Strong Women

by Pam Condie, OAM

I’m reasonably certain that all of us can share stories of other women who’ve influenced our life stories. They may have been teachers, youth/Girls’ Brigade leaders, our mothers or other family members. They could be people whom you’ve never met, but whose stories have inspired and encouraged you. Probably, for me, the most influential woman in my childhood – apart from my mother (“she who must be obeyed”) – was my Girls’ Brigade captain. She led me to faith in Jesus when I was 12 years old. I sincerely doubt she will ever realise how much influence she had in my life and the direction it has taken over the years.

Other women, whose stories have encouraged and inspired me, include Corrie ten Boom, Dr Catherine Hamlin, and Nancy Wake – just to name a few. These twentieth century women’s stories are truly amazing, encouraging and inspirational. All of them were incredibly brave and faced mountains that I doubt I could even contemplate climbing. Each one conquered her circumstances and history records their stories. But what about women who lived many thousands of years ago, women who lived in predominantly patriarchal cultures? I’d like to reflect on three such women, all from ancient Israel. They were women of significance; women of influence: Deborah, Huldah, and Sheerah.

 Deborah (Judges 4-5)

I’m sure everyone knows Deborah’s story: a remarkable woman whom God raised up to lead his ancient people. Deborah is introduced as a prophet of the Lord, a judge (or civil leader) and then as a military leader. She was highly regarded and respected. The people came to her to have their disputes settled. God entrusted Deborah to speak forth his word to his people. This, of course, was the biblical prophet’s primary role – to speak out God’s word to his people. God spoke through Deborah, giving direction to Israel’s commanding general, Barak. But the general would not go into battle unless Deborah came with him! As promised, God gave Israel the military victory but, as Deborah had foretold, the honour of defeating the enemy general, Sisera, went to yet another woman–Jael.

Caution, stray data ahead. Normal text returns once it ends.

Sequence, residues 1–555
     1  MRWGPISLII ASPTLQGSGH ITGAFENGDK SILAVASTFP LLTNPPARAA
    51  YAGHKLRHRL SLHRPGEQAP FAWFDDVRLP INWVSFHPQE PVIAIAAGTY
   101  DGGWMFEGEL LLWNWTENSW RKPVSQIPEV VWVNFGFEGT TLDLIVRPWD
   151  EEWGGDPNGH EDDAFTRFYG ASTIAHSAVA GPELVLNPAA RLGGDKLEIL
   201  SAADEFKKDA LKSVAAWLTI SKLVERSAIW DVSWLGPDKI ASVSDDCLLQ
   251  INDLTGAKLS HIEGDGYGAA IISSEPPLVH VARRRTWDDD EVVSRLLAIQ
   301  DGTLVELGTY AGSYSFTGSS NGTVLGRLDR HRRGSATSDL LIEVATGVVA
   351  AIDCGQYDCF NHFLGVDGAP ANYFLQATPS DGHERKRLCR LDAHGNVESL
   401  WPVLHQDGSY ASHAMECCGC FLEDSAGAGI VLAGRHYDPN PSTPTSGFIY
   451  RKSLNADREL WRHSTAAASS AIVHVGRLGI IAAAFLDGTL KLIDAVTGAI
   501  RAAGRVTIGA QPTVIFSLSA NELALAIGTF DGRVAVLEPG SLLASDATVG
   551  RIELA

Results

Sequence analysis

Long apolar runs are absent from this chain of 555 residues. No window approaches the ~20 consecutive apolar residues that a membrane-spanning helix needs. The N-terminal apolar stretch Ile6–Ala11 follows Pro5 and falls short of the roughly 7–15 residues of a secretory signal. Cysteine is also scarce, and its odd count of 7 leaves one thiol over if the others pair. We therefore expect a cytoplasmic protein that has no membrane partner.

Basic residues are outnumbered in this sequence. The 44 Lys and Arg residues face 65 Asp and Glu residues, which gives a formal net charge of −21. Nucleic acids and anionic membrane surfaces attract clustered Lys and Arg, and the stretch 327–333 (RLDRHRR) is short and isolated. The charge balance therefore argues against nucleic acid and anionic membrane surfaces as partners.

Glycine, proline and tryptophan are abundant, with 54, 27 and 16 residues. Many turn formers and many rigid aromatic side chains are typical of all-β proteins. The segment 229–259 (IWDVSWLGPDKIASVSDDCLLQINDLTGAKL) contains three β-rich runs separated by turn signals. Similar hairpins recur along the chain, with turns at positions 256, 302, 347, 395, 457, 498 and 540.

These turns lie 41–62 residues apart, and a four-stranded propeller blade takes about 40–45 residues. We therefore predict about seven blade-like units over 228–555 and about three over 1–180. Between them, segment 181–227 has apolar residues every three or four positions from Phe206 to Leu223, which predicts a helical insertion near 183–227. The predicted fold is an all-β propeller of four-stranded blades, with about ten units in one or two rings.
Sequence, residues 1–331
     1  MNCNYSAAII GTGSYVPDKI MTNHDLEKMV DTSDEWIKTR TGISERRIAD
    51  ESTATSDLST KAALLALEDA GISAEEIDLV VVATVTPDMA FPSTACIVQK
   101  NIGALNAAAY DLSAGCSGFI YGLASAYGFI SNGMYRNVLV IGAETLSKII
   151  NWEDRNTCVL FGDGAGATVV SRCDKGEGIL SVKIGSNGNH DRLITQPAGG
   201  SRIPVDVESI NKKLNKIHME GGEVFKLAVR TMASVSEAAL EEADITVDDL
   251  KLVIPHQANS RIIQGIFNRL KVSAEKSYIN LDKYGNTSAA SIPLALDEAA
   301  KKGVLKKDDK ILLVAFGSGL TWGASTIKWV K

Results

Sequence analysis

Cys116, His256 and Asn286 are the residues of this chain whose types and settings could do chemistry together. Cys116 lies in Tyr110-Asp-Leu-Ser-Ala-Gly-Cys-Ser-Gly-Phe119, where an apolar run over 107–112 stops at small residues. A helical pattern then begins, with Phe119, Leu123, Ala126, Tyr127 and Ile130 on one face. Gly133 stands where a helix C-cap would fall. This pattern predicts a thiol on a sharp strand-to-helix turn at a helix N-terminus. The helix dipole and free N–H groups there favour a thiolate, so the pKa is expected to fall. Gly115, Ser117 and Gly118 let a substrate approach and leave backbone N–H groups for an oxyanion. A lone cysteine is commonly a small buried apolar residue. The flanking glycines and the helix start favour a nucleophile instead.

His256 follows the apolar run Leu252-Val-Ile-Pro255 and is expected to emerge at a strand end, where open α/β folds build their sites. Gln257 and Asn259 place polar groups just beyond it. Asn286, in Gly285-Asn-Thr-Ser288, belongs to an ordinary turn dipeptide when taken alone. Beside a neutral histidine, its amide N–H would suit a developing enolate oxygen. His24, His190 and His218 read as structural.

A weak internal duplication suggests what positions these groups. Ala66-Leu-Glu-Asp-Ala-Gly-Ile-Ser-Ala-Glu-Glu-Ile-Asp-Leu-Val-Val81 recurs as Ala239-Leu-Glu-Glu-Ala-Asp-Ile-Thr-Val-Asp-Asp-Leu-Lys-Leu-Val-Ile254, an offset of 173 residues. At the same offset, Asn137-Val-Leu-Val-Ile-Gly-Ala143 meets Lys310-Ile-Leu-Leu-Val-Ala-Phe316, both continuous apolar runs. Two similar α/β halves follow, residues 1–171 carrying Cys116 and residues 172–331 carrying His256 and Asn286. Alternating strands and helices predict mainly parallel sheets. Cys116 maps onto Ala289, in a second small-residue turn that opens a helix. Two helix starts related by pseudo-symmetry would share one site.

This narrative tells the story of two strong women whose names have been recorded for eternity. Deborah is an outstanding example of leadership that has nothing to do with gender. God gave her the gifts for the role had called her to fulfil. She trusted the Lord and he honoured her leadership throughout her life.

 Our second woman’s story is less dramatic than Deborah’s, but it highlights the significance of her standing and level of influence in the ancient kingdom of Judah.

Huldah 2 Kings 22:14-20

The background to this narrative is that the long neglected books of God’s Law had recently been found in the Temple and taken to the godly young King–Josiah. He called the High Priest, Hilkiah, to interpret their message. I believe we’d all agree that Hilkiah was the logical choice for the king to seek out when he needed help in understanding God’s law. Hilkiah would have been expected to answer the king’s questions about God’s written word. But he could not answer. He was stumped!